warning Hi, we've moved to USCANNENBERGMEDIA.COM. Visit us there!

Neon Tommy - Annenberg digital news

Curiosity Finds Flower And Digs Into Mars

Roger Aguirre |
January 17, 2013 | 12:02 p.m. PST


The Mars Flower, is actually a mineral (space.com)
The Mars Flower, is actually a mineral (space.com)
Back in August, NASA successfully sent the rover Curiosity to Mars, with the intentions of surveying the landscape for any traces of water in the past.  Throughout the passing months the rover has found more and more evidence of possible Martian waters in the past, mostly through images of rocks that look to have veins and the appearance of erosion that could indicate the possibility of a Martian stream.

SEE ALSO: Landing On Mars, Curiosity Takes A Stroll  

To further add to the possibility of a stream was the discovery of what has been dubbed the Mars “flower.”   The Mars “flower” is not actually the remains of a dead plant but is instead, as Aileen Yingst of The Planetary Science Institute said, “A relatively large mineral grain, or “a pebble if you wish.”  She also goes on to explain that the flower  “Could be a lot of things but without some chemical information to back me up, I’d really hesitate to say what it is.  (Again Scientists hate to deal with absolutes)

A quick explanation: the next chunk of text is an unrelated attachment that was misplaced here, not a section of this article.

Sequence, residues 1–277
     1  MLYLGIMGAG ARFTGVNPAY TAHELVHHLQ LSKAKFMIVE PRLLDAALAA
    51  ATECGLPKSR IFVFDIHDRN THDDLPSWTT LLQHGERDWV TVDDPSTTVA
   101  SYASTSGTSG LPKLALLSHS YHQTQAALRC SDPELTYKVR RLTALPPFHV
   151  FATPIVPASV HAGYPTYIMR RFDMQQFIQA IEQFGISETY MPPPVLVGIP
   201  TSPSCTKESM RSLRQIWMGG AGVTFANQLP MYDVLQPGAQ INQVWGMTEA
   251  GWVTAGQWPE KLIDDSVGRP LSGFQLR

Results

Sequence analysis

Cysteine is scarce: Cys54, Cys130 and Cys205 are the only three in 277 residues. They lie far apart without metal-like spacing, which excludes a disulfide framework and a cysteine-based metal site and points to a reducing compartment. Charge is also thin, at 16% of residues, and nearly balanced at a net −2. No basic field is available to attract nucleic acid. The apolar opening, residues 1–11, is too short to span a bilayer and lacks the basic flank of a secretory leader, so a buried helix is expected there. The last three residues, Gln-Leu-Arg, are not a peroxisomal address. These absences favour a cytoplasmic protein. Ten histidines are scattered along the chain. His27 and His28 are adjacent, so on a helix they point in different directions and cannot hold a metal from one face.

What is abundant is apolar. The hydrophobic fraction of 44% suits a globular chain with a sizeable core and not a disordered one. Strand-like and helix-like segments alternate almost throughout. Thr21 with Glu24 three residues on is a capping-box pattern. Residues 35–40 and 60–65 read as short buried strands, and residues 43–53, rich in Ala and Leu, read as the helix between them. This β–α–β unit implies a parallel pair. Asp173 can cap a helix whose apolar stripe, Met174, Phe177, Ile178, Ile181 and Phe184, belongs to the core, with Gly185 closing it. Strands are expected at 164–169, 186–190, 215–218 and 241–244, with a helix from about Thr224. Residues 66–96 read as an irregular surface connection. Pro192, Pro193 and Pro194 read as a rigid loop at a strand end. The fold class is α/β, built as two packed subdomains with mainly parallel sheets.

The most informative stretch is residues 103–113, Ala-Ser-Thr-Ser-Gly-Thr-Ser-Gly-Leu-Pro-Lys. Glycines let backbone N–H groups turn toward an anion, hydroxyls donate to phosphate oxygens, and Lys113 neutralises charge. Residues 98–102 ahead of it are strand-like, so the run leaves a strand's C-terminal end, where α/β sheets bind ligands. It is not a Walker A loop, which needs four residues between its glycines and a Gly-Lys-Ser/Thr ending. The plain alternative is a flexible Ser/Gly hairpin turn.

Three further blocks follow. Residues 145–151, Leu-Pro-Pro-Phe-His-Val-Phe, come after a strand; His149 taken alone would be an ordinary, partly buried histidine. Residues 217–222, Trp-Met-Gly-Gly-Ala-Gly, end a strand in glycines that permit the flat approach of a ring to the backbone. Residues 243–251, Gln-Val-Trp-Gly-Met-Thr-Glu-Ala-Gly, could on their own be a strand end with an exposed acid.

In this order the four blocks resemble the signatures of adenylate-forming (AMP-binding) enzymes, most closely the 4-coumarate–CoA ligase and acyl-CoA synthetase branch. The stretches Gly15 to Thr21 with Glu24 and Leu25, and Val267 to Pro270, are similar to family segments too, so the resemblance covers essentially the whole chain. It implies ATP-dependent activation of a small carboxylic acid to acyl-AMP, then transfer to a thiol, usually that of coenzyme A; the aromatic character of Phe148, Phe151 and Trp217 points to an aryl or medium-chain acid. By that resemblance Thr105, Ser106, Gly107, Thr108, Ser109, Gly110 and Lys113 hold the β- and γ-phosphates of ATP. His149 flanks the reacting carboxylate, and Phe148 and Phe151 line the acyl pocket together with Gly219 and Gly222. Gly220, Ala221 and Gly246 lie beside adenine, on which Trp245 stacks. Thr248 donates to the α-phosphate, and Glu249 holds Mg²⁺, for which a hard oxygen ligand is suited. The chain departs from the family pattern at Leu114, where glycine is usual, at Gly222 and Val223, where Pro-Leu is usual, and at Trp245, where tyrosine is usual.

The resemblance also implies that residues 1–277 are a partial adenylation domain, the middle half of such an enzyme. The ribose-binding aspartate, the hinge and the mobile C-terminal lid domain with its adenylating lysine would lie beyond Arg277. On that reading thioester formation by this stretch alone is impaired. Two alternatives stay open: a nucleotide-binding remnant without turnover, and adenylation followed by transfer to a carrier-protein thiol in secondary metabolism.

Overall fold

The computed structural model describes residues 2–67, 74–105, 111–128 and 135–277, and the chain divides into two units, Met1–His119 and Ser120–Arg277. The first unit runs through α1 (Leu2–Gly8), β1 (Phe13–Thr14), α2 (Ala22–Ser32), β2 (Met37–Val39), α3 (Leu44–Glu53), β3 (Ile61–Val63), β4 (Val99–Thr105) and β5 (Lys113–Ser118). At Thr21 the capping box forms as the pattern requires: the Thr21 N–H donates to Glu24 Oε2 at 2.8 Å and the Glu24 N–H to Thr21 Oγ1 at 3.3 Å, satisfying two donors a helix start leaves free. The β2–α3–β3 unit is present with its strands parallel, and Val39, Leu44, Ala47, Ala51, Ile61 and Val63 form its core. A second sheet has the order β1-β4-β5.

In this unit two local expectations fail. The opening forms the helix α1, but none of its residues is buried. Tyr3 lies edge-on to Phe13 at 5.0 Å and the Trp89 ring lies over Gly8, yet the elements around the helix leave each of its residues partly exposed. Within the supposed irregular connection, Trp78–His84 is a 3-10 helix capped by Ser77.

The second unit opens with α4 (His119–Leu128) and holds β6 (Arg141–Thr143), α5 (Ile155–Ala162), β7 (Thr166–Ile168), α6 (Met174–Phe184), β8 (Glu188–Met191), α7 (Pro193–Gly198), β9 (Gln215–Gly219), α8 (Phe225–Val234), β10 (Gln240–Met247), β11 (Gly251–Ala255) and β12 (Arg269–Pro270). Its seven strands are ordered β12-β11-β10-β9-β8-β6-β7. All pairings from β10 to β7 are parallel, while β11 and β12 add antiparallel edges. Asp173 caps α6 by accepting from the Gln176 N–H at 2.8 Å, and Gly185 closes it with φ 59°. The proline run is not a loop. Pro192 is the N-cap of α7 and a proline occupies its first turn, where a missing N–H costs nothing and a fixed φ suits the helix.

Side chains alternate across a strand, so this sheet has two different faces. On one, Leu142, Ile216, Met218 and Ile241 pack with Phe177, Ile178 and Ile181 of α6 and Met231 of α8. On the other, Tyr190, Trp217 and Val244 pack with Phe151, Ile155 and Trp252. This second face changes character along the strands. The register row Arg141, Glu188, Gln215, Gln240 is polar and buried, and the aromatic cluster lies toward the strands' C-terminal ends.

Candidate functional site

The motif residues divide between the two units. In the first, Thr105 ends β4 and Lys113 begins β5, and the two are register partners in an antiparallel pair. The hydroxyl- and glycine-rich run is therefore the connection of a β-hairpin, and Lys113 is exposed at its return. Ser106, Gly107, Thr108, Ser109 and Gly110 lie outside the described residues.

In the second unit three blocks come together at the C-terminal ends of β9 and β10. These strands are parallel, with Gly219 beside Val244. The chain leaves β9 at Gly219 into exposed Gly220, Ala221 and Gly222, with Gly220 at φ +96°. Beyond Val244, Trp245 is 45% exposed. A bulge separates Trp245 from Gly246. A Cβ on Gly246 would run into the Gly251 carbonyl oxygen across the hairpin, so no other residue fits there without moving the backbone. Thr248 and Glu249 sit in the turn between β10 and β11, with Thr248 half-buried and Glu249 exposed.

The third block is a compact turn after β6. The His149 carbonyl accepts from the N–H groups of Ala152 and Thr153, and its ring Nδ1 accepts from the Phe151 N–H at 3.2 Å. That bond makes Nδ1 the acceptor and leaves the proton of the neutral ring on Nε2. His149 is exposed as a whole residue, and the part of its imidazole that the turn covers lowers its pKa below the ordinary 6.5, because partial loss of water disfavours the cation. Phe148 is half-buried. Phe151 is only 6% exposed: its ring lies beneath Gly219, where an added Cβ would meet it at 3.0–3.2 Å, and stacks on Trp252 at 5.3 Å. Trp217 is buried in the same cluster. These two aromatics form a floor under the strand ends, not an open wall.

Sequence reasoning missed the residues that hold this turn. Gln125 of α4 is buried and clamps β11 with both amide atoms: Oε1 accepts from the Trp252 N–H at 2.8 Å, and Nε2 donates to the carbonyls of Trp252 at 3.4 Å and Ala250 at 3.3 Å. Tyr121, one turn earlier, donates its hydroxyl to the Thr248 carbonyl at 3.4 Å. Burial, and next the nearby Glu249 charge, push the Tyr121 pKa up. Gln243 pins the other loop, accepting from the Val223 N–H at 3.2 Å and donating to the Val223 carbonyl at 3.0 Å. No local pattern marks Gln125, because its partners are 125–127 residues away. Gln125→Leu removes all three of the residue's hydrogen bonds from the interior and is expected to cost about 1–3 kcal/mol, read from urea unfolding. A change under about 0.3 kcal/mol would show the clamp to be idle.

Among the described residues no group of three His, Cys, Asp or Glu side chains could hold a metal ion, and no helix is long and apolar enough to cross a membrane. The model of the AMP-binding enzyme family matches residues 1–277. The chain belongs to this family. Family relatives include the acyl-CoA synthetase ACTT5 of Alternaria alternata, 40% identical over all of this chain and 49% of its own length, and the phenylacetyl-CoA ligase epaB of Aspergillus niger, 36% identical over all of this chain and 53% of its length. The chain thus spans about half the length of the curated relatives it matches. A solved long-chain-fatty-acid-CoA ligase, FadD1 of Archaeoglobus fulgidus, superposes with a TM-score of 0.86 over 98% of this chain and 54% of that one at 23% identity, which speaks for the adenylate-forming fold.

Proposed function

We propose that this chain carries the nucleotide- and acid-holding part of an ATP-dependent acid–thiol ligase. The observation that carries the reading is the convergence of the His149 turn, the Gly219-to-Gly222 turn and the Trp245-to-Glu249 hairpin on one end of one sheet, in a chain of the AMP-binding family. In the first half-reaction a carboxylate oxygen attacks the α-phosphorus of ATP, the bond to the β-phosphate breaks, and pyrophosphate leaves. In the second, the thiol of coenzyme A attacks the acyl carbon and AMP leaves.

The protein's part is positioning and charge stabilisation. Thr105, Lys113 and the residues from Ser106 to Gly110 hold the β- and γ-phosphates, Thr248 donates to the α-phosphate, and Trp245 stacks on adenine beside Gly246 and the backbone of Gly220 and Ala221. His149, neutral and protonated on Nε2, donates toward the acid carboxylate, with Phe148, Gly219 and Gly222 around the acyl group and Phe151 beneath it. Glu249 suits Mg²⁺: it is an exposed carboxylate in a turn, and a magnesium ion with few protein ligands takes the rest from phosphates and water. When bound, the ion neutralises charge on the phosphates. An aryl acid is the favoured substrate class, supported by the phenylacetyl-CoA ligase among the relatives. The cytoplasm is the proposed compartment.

What the evidence does point to though is the possibility of a Martian river or even a lake. The researchers have come up with the nickname Gillespie Lake in case their hypothesis is proven.

With such strong evidence, the Curiosity team has deemed the present as a good time to use the drill built into the Curiosity, for the first time.  Richard Cook the project manager has also stated that drilling should begin in the next two weeks.

The drill will be able to dig through about 2 inches of Mars’ sediment and by drilling the hope is that Curiosity will be able to find additional minerals, particularly organic ones.  This will also be the first time anyone has drilled into Mars, so the team is also eager to see if Mars will have its own sets of challenges compared to drilling on Earth.

SEE ALSO: Curiosity Finds Bright Object In First Scoop Of Martian Soil

Ideally the mission will discover if Mars was once hospitable or possibly still hospitable.  It has been 5 months since Curiosity landed on Mars and although it wasn’t able to find Marvin the Martian, perhaps there could have been bacteria in Mars’ past.  

Curiosity has made the universe, just a little bit smaller and may one day have us questioning our part in it.  Until then though, we can continue to look to Mars with a bit of curiosity.


You can read more coverage on the Curiosity here.

Reach Contributor Roger Aguirre here.



Craig Gillespie directed this true story about "the most daring rescue mission in the history of the U.S. Coast Guard.”

Watch USC Annenberg Media's live State of the Union recap and analysis here.